[C++-sig] Is there a way to automatically convert a smart_ptr to a held_type (try 2)
abierbaum at gmail.com
Thu Sep 7 18:46:37 CEST 2006
On 9/7/06, Alex Mohr <amohr at pixar.com> wrote:
> > I have one remaining problem that I know of with this code. How do I
> > make it possible to compare the wrapped ref_ptrs for equality? I am
> > assuming that I need to add an __eq__ operator for the ref_ptr types
> > but since they are used as held_type I am not really exposing them in
> > the "normal" way.
> Yup -- you'll have to implement __eq__.
> > <osg._osg.Group object at 0xb785fcac>
> >>> n.getCore()
> > <osg._osg.Group object at 0xb785f16c>
> >>> g == n.getCore()
> > False
> > Does anyone know if this is also an issue when wrapping an API and
> > using boost::shared_ptr<> as the held type? If so, how is that case
> > handled?
> It works sometimes, and not others. As you discovered, boost python
> will store the python object in a custom shared_ptr deleter. Converting
> to-python, I believe it will see if the shared_ptr has its custom
> deleter and will use the python object in there if it is.
> The problem is that if you're using your own shared_ptrs, then you may
> pass a shared_ptr to boost python which doesn't have the special custom
> deleter, and you'll end up with multiple python objects representing the
> same c++ object.
> What you really want is to have just a single python object associated
> with each C++ instance.
> I call this problem "object identity", and it's been discussed on this
> list before.
> It is *possible* to solve this problem with boost python as is, but it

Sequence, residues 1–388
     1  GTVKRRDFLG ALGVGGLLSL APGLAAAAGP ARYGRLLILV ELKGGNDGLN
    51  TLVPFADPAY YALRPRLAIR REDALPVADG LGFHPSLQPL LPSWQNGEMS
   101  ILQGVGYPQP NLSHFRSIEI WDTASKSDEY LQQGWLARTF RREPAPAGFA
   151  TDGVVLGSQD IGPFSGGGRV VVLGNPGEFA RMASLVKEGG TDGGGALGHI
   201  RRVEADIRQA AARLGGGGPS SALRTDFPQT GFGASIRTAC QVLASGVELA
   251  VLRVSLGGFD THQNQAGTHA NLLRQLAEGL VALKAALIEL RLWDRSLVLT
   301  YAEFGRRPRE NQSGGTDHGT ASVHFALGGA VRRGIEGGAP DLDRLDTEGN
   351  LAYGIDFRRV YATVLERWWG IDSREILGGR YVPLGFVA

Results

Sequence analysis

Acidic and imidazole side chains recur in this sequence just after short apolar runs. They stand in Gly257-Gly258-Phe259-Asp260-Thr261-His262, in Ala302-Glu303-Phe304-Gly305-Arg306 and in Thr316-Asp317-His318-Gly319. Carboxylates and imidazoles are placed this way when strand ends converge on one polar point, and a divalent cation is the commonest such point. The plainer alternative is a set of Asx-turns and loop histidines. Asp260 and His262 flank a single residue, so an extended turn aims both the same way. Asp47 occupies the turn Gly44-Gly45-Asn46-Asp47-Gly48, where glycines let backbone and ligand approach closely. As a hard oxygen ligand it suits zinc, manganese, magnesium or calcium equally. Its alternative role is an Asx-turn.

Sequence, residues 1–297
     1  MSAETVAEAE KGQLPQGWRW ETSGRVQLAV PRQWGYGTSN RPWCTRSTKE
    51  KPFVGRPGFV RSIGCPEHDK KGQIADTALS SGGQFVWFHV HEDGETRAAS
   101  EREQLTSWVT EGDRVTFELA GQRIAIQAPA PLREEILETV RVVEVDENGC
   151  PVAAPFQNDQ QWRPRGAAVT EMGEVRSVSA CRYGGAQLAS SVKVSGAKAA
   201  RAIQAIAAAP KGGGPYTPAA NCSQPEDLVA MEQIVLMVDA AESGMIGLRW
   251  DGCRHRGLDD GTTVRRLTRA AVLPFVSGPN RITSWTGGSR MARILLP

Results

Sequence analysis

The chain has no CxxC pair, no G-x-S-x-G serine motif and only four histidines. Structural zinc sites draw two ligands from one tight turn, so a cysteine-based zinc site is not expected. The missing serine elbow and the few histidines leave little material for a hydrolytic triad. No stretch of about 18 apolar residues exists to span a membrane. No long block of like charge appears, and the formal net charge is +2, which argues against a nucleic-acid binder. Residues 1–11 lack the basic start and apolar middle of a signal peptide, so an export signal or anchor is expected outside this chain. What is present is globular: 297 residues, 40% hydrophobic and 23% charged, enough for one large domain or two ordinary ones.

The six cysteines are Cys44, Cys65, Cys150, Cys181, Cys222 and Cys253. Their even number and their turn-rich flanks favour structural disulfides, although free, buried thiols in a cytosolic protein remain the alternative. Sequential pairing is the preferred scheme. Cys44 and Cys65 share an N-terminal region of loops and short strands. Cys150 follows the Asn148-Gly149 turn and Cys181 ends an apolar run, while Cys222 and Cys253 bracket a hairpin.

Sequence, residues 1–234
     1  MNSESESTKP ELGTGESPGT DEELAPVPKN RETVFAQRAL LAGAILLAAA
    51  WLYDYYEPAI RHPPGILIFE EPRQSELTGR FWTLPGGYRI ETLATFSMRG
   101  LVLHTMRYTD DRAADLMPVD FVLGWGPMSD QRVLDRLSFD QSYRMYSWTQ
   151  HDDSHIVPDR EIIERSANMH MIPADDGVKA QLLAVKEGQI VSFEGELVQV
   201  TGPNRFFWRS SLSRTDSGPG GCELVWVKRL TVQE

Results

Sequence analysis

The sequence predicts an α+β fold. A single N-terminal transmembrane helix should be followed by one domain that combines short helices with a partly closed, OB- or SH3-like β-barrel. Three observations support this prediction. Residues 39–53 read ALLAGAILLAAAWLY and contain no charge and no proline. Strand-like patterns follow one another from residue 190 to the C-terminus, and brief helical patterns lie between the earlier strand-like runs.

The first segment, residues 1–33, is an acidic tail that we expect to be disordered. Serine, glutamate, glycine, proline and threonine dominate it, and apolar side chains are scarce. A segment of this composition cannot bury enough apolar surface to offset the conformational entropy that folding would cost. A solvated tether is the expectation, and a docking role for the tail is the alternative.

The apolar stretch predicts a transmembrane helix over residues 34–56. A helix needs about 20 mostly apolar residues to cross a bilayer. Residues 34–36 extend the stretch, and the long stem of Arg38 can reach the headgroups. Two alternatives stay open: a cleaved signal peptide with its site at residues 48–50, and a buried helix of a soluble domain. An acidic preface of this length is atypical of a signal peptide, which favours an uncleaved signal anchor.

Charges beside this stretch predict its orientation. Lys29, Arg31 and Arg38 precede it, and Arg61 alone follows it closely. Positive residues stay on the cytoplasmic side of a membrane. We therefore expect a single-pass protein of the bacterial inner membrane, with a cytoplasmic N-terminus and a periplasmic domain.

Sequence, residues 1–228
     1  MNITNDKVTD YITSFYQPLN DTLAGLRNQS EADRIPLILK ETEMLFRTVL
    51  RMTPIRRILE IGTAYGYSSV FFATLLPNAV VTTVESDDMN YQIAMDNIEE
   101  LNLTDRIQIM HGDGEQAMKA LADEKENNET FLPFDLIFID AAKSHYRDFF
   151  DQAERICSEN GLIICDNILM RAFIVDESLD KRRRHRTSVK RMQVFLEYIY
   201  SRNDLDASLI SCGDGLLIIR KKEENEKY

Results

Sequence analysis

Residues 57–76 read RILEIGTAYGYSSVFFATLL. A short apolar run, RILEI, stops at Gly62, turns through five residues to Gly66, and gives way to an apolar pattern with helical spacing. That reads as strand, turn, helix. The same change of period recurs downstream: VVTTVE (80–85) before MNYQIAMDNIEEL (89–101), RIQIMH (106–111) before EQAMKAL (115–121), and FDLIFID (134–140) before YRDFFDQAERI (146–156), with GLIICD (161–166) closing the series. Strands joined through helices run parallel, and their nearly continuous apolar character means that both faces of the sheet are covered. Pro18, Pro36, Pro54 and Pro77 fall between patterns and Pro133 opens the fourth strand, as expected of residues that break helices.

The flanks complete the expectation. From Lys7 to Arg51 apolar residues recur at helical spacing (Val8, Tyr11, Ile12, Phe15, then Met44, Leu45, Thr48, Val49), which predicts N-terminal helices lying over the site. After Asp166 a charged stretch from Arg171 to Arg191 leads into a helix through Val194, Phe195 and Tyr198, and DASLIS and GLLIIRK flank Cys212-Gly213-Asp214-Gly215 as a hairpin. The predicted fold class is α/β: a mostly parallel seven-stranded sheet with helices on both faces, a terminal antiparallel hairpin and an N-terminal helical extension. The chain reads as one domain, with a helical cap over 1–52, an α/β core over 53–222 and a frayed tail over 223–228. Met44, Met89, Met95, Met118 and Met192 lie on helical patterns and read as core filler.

> requires doing *very* nasty things using internal api.
> I think the real solution is to extend boost python so that:
> - You can tell boost python that your c++ object can manage its python
> - As soon as boost python produces a python object for your c++ object,
> it calls you to establish the identity.
> - Whenever (a pointer to) that c++ instance is to be converted
> to-python, boost python will consult you to find the python object.
> Incidentally, wrapper<T> already does this stuff mostly right. I hope
> to make a patch to support this someday, but it probably won't be that soon.
> Anyway, in the meantime, if you just implement __eq__ in the obvious
> way, it should work.
The non-obvious part of this for me is:
- Does this mean that I now need to explicitly wrap (expose using
bp::class_ ) all the ref_ptr<> types?
I haven't had to do that thus far because it was handled internally
somehow because I used it has the held_type for all my classes. If I
expose them manually do I run the risk of breaking any of the
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